Joining a gym can be daunting, while joining a trendy fitness program like CrossFit or SoulCycle or Orangetheory Fitness can be especially dangerous for beginners and seniors. But do you need to leave home to get in shape? Building muscle at home is entirely possible if you’re committed to a strength-building regimen.
There can be significant health benefits to strength training at home if it’s done properly.
Gaining muscle mass can not only improve your quality of life every day, but it can also protect you from chronic conditions like osteoporosis, sarcopenia, high blood pressure, depression, and type 2 diabetes. Aside from these benefits, strength training can also reduce the chances of falls, improve balance, reduce the risk of fractures, and boost mood and mobility.
At-home workouts can save you money and allow you to overcome any potential fears you may have about working out in public. Although most towns now have age- and ability-centered exercise programs, you may be more inclined to pick up some equipment to do workouts at home. This is especially true if you’re pressed for time.
Some equipment you can use for at-home workouts include:
- Resistance bands (color-coated for various resistance)
In This Article:
5 Exercises for Building Muscle at Home
The biggest barrier to starting an at-home workout plan is, for many, the same as starting one in the gym: inexperience.
If you don’t know what you’re doing, home workouts will provide little benefit or incentive. Therefore, learning how to properly perform movements and program workouts, as well as eating properly, will be central to your progress and adherence.
To help with this, I highly recommend going to an introductory class at your local community center or hiring a certified trainer to come to your home to learn how to safely execute movements.
This is very important because, depending on your level of fitness and mobility, some movements may be problematic and put you at an increased risk for injury.
Take the squat, for example. The squat is the arguably the most important strength-building exercise while being a highly functional movement as well. That said, some people have mobility issues that may limit their ability to properly or safely perform a squat. As such, before squatting, an assessment should take place to ensure you are even capable of performing the move. This is true for almost any exercise.
The exercises and movements outlined in this article are general and do not take your individual limitations into account.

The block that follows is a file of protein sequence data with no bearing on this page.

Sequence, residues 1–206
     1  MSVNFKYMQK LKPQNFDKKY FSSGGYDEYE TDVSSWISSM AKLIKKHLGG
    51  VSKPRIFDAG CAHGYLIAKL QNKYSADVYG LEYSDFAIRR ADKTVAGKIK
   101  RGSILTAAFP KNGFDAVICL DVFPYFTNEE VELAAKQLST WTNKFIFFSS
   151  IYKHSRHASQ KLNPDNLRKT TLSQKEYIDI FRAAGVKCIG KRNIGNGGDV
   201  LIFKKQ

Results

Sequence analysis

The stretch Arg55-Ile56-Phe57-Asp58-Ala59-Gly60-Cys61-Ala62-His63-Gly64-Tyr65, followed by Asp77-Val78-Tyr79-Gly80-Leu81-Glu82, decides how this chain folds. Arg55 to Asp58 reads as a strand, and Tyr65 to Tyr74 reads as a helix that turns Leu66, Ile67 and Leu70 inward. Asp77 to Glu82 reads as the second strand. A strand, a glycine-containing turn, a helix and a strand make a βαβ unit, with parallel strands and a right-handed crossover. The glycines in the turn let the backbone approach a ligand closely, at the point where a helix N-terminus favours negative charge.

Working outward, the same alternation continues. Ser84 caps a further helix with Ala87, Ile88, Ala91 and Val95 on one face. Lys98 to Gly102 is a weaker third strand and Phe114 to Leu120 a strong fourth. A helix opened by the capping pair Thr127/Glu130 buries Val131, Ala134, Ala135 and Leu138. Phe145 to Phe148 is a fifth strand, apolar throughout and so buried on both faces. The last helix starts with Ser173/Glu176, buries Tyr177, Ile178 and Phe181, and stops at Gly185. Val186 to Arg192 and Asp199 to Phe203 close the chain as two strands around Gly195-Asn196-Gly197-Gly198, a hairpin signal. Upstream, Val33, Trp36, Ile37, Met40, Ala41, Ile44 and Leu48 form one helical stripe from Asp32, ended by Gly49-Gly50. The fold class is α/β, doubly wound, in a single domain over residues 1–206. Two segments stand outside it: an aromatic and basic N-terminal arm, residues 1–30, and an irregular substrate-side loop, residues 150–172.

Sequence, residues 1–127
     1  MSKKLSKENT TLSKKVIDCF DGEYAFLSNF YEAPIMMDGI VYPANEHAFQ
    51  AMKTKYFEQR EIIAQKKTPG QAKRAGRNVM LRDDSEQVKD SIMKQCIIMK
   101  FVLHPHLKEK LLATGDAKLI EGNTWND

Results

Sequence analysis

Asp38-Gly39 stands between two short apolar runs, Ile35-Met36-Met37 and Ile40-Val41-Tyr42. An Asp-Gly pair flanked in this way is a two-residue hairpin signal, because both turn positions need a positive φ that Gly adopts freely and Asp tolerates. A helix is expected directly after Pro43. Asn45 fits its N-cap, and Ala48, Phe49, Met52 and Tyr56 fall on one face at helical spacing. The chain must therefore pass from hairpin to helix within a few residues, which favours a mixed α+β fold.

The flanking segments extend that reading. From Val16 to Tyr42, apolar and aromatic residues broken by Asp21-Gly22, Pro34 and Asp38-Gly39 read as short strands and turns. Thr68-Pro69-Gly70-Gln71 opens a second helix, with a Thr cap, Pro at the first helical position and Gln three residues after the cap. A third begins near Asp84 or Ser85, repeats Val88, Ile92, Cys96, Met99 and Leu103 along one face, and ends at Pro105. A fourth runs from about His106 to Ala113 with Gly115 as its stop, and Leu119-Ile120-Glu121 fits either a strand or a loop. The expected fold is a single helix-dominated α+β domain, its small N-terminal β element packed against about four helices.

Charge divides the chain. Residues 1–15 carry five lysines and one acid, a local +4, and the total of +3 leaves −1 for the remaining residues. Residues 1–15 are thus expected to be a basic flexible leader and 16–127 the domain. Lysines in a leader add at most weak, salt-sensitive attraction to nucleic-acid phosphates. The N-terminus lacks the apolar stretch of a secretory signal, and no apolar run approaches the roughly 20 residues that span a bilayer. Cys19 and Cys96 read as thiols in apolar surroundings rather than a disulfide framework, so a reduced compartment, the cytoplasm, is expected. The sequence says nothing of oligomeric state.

Every time you get up from the toilet or a chair, you’re essentially performing a squat. Now, to build strength, you want to work on performing it without the use of your hands and eventually add resistance.
Step 1: To get started, place a chair with its back against a wall. Sit in the chair first, to make sure sitting down requires you to bend your knees about 90 degrees to sit in it.
Step 2: Stand in front of the chair so the back of your legs touch it and take a step forward with each leg. Stand up tall with your chest high and head facing straight ahead; you should be able to draw a straight line from your ears to your ankles.
Step 3: Have your feet about shoulder-width apart and toes pointing slightly outward or straight ahead. Then, slowly bend your knees and hips to sit. During the descent and transition back up, ensure your knees stay out over your feet and do not bend inwards.
Step 4: Descend with your chest and head up until your butt touches the chair. When it does, use the middle of your foot to push down and outwards to engage your leg muscles until you are once again standing at the starting position.
In the beginning, it may be helpful to hold your arms out in front on you. You can move onto various modifications like goblet squats, band squats, and more as your strength and balance increase. At the bottom of the squat, make sure your hips are open.
2. Chest Press
A chest press can be performed as a push-up, with dumbbells or resistance bands. It is arguably the best upper-body exercise for strength building.
Step 1: Kneel and place your hands on the floor in front of you so that your back is essentially parallel with the floor. Extend your legs behind you so that they are close together. Arms should be slightly wider than shoulder-width apart with your hands near your mid-chest.
Step 2: Slowly lower your torso, keeping your elbows tucked and close to your body. At the bottom, you should be as close to the ground as you can get without touching or resting on it.
Step 3: At this point, with your shoulders back, engage your chest muscles to push yourself back up to the starting position.
A deadlift is another highly functional yet complex movement. When you’re told to lift things off the floor using your legs instead of your back, you’re essentially being told to perform a deadlift. Like the squat, this movement is best taught in person.
To perform a deadlift at home, you can use a resistance band.
Step 1: Stand on the band so that it runs underneath the middle of your feet. Grab it on either side.